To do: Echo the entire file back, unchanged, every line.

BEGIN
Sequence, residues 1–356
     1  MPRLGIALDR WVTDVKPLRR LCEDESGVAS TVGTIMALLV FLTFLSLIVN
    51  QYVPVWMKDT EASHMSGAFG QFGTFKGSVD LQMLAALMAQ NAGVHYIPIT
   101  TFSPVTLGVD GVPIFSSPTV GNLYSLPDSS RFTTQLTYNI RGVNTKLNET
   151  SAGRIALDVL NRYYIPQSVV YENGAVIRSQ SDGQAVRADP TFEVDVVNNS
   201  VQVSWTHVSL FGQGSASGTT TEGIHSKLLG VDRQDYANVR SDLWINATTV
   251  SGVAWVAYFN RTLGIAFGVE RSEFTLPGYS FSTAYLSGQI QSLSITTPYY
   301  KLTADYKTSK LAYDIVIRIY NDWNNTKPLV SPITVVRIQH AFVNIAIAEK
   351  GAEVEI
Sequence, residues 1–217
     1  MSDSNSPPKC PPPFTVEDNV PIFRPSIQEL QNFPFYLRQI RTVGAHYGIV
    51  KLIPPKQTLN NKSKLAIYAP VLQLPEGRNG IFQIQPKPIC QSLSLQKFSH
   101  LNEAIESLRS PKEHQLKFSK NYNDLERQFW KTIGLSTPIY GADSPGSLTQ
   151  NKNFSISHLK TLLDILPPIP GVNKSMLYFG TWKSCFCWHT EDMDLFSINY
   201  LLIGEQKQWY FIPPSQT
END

Sequence, residues 1–356
     1  MPRLGIALDR WVTDVKPLRR LCEDESGVAS TVGTIMALLV FLTFLSLIVN
    51  QYVPVWMKDT EASHMSGAFG QFGTFKGSVD LQMLAALMAQ NAGVHYIPIT
   101  TFSPVTLGVD GVPIFSSPTV GNLYSLPDSS RFTTQLTYNI RGVNTKLNET
   151  SAGRIALDVL NRYYIPQSVV YENGAVIRSQ SDGQAVRADP TFEVDVVNNS
   201  VQVSWTHVSL FGQGSASGTT TEGIHSKLLG VDRQDYANVR SDLWINATTV
   251  SGVAWVAYFN RTLGIAFGVE RSEFTLPGYS FSTAYLSGQI QSLSITTPYY
   301  KLTADYKTSK LAYDIVIRIY NDWNNTKPLV SPITVVRIQH AFVNIAIAEK
   351  GAEVEI
Sequence, residues 1–217
     1  MSDSNSPPKC PPPFTVEDNV PIFRPSIQEL QNFPFYLRQI RTVGAHYGIV
    51  KLIPPKQTLN NKSKLAIYAP VLQLPEGRNG IFQIQPKPIC QSLSLQKFSH
   101  LNEAIESLRS PKEHQLKFSK NYNDLERQFW KTIGLSTPIY GADSPGSLTQ
   151  NKNFSISHLK TLLDILPPIP GVNKSMLYFG TWKSCFCWHT EDMDLFSINY
   201  LLIGEQKQWY FIPPSQT